IN FEBRUARY 2011, FRITO-LAY INTRODUCED a revised compostable bag for their SunChips®. The new bag replaced the old compostable packaging because it made a loud crinkling sound that was annoying to Frito-lay customers. Frito-lay took the old one off the market because of the negative reaction. I haven’t seen the new one yet, but it is supposed to be quieter.
With these bags once again available to consumers, the question I’d like to explore is: Should backyard gardeners include them in their compost piles?
Do they actually break down?
There has been some controversy over whether SunChip bags actually break down in the compost. Several bloggers have tested the bags in their compost piles and found that they only break down if the pile is hot over a sustained period of time.
Frito-lay has confirmed this. Their tests show that under aerobic compost conditions, when the temperature was maintained above 130°F, SunChip bags broke down in about 12-16 weeks.
I don’t know about your compost pile, but mine never stays above 130 degrees for 12 weeks or more – no matter how hard I try. Maybe that’s why I have so many viable weed seeds in my compost. The temperatures required by the Frito-lay bags would be more typical of industrial composting rather than backyard composting.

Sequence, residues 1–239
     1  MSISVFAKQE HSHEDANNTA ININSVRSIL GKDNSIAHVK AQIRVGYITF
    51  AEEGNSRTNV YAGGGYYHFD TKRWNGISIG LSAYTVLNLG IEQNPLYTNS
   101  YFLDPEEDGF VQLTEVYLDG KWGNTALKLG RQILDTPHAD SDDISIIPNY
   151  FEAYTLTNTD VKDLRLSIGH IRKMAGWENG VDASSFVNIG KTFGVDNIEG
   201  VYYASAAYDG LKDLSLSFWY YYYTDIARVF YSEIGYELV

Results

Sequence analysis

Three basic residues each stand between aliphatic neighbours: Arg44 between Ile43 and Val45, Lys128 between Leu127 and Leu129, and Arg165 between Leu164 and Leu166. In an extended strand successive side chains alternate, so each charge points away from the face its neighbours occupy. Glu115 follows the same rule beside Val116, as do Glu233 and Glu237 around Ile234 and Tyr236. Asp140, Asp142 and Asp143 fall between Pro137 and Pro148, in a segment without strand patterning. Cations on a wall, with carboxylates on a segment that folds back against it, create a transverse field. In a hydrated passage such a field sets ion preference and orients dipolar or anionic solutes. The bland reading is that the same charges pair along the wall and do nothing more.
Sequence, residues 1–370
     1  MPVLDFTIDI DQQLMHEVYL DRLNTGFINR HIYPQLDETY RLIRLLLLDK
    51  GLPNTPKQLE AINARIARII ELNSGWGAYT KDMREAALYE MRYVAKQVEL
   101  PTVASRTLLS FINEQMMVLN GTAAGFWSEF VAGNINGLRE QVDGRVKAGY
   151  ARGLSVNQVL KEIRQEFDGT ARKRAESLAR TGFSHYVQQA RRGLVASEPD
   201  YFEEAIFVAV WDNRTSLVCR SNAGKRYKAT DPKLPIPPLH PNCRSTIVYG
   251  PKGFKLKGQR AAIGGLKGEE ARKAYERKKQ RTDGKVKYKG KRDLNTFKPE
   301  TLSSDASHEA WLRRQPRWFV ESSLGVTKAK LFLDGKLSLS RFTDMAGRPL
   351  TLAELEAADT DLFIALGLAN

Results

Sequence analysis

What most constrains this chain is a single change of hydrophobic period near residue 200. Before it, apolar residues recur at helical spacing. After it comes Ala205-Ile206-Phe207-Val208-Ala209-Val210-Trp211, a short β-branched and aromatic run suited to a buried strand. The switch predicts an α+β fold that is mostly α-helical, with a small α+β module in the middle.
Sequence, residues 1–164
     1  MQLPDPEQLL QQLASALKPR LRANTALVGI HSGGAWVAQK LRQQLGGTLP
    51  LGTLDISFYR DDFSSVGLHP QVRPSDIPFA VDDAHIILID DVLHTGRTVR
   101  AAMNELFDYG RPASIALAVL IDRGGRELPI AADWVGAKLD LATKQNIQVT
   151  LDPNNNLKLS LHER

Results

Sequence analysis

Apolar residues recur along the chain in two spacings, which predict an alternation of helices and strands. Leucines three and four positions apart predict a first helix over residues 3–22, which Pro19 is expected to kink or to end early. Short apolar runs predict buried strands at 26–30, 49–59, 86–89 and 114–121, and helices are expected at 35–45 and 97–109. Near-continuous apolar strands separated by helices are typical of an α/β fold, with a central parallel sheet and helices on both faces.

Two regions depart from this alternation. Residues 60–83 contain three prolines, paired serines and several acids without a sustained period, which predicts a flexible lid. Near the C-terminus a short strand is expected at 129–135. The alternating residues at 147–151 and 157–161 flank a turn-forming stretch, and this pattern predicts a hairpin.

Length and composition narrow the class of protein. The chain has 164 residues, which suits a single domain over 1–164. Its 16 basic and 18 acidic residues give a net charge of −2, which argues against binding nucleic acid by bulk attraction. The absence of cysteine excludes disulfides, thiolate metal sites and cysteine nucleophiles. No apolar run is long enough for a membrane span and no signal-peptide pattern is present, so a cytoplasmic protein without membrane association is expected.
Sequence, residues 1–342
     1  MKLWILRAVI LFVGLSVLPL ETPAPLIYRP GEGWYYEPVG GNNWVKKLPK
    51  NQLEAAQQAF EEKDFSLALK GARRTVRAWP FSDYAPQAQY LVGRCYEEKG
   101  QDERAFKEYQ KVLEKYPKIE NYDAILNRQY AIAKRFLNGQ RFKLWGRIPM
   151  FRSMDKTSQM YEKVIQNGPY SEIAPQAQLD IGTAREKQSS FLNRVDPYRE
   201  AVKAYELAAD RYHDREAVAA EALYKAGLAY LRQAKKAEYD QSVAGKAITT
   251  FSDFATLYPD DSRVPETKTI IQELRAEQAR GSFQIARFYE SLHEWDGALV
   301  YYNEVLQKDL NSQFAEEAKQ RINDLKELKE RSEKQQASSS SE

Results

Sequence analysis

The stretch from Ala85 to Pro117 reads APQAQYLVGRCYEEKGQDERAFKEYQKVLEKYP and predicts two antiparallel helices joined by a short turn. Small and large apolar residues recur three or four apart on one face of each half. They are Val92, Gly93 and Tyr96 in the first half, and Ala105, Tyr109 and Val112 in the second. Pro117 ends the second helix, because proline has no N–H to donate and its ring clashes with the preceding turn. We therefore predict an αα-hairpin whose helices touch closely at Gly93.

The real question
But let’s assume for a minute that backyard compost piles can maintain 130°F for the required amount of time. Maybe some in warmer climates can. The next question is should we include compostable packaging in compost planned for use in edible gardens? Put another way: Just because Frito-lay says it is compostable, should we?
If you are an organic gardener, the answer is absolutely not. A key component that makes up the bags is polylactic acid (PLA), which is a polyester (yes, polyester like in disco suits) that is actually made from crops such as corn, tapioca or sugarcane. Since these crops typically are grown using chemical fertilizers, herbicides and pesticides, my recommendation is that you don’t include SunChip bags in the compost that you feed your edible plants.
My fear is that some organic gardeners will mistake “compostable” for organic. After all, compost is closely associated with organic gardening. It wouldn’t be too much of a stretch to mistakenly assume that because it is “green” it is also organic.
Composting rule of thumb
When it comes to what to put into your compost pile, I use one of Michael Pollen’s Food Rules as one of my rules of thumb. He says don’t eat anything that your grandmother wouldn’t recognize as being food. I say don’t put anything in your compost pile that your grandmother wouldn’t recognize as coming from a plant or animal. It’s not my only composting rule, but I think it’s a good one.
If you’re not an organic gardener, I won’t give you any advice. Let’s just say that I wouldn’t recommend putting “polyester” in your backyard compost pile. But it’s probably not any worse than some of the pesticides that people apply to their crops. It actually may be safer.
It may very well be that the new compostable packaging is a green step forward. There are less fossil fuels consumed in creating the packaging and, because it breaks down more easily than traditional plastics, it will take up less room in our landfills. But my recommendation is not to add it to your compost pile.
Let us know if you agree or disagree with my recommendation by commenting below.
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